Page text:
Have you even paid attention of the names or various groupings of animals?

Some of them are pretty weird. To a large extent, it’s like animal scientists sat around a table sharing their favorite bourbon and purposefully coming up with the oddest (and sometimes seemingly random) names they could think of. Then again…

•A congregation of alligators.

Technically, when a bunch of anything congregates, a group is formed.

But I’ll bet the first thing that came to your mind was a bunch of leathery-skinned, long-and-low reptiles facing a pulpit shouting, “preach it brother!” to a huge elderly cohort. Me, too.

•A battery of barracudas.

Of course, in military terms a battery refers to a combined, tactical assembly of multiple pieces of artillery (and perhaps the accompanying men and equipment).

Come to think of it, several barracudas acting in unison would be quite the aquatic battery, and certainly something to stay clear of – like a bunch of mortars or howitzers.

•A wake of buzzards.

You know, vultures – a.k.a. buzzards – like to gather around dead things.

Well now, isn’t that what happens at a wake?

•A confusion of guinea fowl.

Have you ever watched guineas being guineas?

They don’t appear ready to take a calculus test.

•A band of coyotes.

When used in terms of human grouping, the word “band” not only refers to an assembly of musicians, but is commonly associated with a gang of outlaws or bandits.

I have to admit, coyotes are more or less one of nature’s most famous gangs of outlaws.

•A cast of crabs.

So who plays the lead role, the king, blue or Dungeness?

Don’t expect the hermit to participate, but we can probably count on the fiddler to help with the production’s score.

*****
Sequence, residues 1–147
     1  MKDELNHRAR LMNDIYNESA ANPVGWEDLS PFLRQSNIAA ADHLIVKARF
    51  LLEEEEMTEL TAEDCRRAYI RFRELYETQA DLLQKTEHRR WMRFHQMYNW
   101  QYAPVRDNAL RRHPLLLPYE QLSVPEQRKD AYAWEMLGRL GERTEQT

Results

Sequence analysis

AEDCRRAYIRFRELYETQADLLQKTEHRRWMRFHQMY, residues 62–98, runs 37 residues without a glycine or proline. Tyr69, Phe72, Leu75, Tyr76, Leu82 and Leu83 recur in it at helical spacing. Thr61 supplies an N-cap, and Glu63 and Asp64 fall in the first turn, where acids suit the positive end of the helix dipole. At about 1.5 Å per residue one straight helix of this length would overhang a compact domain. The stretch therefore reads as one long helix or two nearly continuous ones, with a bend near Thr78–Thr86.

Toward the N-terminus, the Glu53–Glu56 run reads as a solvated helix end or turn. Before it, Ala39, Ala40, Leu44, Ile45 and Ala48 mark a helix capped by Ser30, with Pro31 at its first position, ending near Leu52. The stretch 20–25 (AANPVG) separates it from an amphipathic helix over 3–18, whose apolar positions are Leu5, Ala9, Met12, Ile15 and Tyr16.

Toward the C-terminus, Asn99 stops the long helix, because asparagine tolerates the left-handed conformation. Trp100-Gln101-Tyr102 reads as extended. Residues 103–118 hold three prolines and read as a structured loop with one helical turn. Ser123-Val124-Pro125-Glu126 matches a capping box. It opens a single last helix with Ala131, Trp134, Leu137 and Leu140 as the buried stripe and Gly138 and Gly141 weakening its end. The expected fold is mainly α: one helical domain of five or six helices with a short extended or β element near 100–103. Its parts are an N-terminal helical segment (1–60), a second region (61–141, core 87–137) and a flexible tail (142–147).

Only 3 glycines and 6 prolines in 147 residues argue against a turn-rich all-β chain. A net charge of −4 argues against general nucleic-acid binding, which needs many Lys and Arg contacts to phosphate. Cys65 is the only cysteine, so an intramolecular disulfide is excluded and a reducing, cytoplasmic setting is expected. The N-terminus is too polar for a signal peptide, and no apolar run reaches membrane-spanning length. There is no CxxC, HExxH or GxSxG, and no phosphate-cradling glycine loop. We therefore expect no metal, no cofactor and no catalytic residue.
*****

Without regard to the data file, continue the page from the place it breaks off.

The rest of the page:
A tower of giraffes.

This is pretty hard to argue with.

•A mob of emus.

The infamously erratic and aggressive behavior of these ground-based birds probably warrants a group name that denotes a bit of chaos and mayhem.

Well I’ll be, I think mob works just fine.

•A charm of hummingbirds.

If you’ve ever watched a bunch of them carrying on around a feeder like selfish little brats, you know they can be anything but charming.

But it’s hard not to consider them adorable, what with their teeny bodies and that crazy thing they do with their wings. Charming, no?

•An intrusion of cockroaches.

Honestly, when was the last time anyone saw a group of cockroaches in their home or office and didn’t consider them as intruders?

•A wisdom of wombats.

In their native Australia, these cute, furry little critters are notorious for leaving plenty of evidence of their existence but not often being seen.

Seems to me you’d have to be pretty smart to pull that off.

•A lounge of lizards.

Hmm, let’s see – we’ll go with the iguana tending bar, the gecko waiting tables, the gila monster working the cash register and the chameleon alternating between playing piano and doing stand-up comedy.

And I want a komodo dragon as my bouncer.

•A prickle of porcupines.

I’m not sure porcupines do much grouping, but I am sure that if and when they do, there’s going to be plenty of opportunity to justify this label.

•A quiver of cobras.

I hope to never come across a group of cobras, but if I do, I’ll probably quiver right before I run.

•A mischief of mice.

See giraffes.

•A gaze of raccoons.

Coons have really big eyes, right?

All the better to gaze with, I guess.

After further review, I can’t say most of these names are all that bad for their particular animal group – crabs and lizards notwithstanding. When examined more closely, most of them make at least a fair amount of sense (although I’m still going to say they’re weird).

Nice work, animal scientists. 

Doug Davison is a writer, photographer and newsroom assistant for the Houston Herald.

Email: ddavison@houstonherald.com.

Leave a comment

Leave a Reply